Party Secretary General Lee Named Premier
TAIPEI, Taiwan (AP) _ Governing party chief Lee Huan was named Taiwan’s new premier today, succeeding Yu Kuo-hua, who has been criticized as taking an overly cautious approach to economic and political reform.
A statement from the party said Lee’s appointment was unanimously approved by the 31 members of the policy-making Central Standing Committee at a regular weekly meeting chaired by President Lee Teng-hui, who had nominated Lee Huan.
Yu, 75, will continue to serve as premier until later this month when the lawmaking Legislative Yuan, which is controlled by the Nationalists, will formally approve Lee Huan’s appointment.
Lee Huan, the party’s 72-year-old secretary general, will name a new Cabinet but observers expect him to retain most of the present members because he helped groom them.
Yu has been criticized for his conservative policies at a time when the Nationalists are pushing a more flexible foreign policy to regain international recognization for Taiwan. Younger members of the party also consider him a liability in a parliamentary election in December.
Lee Huan was educated at Columbia University and Tankok University in South Korea and is considered among the most liberal senior Nationalist officials.
He was a close aide to the late President Chiang Ching-kuo, whose father Chiang Kai-shek led the defeated Nationalists to Taiwan in 1949 when they lost a civil war to the Communists on the Chinese mainland.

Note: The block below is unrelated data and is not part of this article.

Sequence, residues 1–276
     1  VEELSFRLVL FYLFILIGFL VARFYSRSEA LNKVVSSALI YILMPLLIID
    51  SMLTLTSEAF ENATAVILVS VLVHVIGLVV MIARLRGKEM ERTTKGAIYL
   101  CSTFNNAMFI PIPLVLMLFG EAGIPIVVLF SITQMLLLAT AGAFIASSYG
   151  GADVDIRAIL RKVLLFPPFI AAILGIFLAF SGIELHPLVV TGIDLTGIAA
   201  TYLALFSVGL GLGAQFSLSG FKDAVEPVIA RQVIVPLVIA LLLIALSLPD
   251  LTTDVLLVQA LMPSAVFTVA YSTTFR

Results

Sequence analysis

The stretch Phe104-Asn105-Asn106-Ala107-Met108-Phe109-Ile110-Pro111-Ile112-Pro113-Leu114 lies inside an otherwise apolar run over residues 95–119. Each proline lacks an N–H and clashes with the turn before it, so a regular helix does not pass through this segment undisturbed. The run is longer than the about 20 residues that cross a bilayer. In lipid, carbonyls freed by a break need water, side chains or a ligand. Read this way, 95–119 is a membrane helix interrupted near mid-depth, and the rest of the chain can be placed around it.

Lee has been Nationalist secretary general since 1987 and helped Chiang Ching-kuo end 38 years of martial law two years ago.
A major newspaper, the United Daily News, said in an editorial that Lee’s appointment would usher in a new era of political developments in Taiwan that would ″give higher priority to political modernization than economic development.″
Analysts believe this could help Lee, 66, who became president last year when Chiang Ching-kuo died and has pursued a more pragmatic foreign policy, including the first visit by Taiwan officials to China since the Nationalists were overthrown 40 years ago.
Hu Fu, a political scientist at the Nationalist Taiwan University, questionedd whether Lee Huan would push through any drastic reforms.
″Lee Huan is not so rigid as Yu but he is not a reformer,″ Hu said. ″Liberalization will move forward steadily but gradually.″
The party statement did not say who would succeed Lee. But newspapers have said James Soong, 47, the party’s deputy secretary general, is a leading candidate.